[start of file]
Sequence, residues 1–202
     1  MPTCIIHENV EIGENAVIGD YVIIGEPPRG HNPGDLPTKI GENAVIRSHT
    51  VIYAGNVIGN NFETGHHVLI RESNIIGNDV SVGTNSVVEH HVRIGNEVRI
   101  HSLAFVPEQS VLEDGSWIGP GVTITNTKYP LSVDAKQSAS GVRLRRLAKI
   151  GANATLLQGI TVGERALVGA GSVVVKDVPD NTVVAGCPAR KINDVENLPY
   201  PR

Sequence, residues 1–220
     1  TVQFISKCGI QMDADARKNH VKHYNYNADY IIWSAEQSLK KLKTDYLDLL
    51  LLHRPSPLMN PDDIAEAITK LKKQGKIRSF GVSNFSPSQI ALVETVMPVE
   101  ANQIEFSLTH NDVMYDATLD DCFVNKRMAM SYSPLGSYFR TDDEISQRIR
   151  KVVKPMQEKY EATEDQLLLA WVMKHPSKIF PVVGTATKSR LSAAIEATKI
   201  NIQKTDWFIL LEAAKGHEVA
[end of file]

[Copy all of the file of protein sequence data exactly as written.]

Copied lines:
Sequence, residues 1–202
     1  MPTCIIHENV EIGENAVIGD YVIIGEPPRG HNPGDLPTKI GENAVIRSHT
    51  VIYAGNVIGN NFETGHHVLI RESNIIGNDV SVGTNSVVEH HVRIGNEVRI
   101  HSLAFVPEQS VLEDGSWIGP GVTITNTKYP LSVDAKQSAS GVRLRRLAKI
   151  GANATLLQGI TVGERALVGA GSVVVKDVPD NTVVAGCPAR KINDVENLPY
   201  PR

Sequence, residues 1–220
     1  TVQFISKCGI QMDADARKNH VKHYNYNADY IIWSAEQSLK KLKTDYLDLL
    51  LLHRPSPLMN PDDIAEAITK LKKQGKIRSF GVSNFSPSQI ALVETVMPVE
   101  ANQIEFSLTH NDVMYDATLD DCFVNKRMAM SYSPLGSYFR TDDEISQRIR
   151  KVVKPMQEKY EATEDQLLLA WVMKHPSKIF PVVGTATKSR LSAAIEATKI
   201  NIQKTDWFIL LEAAKGHEVA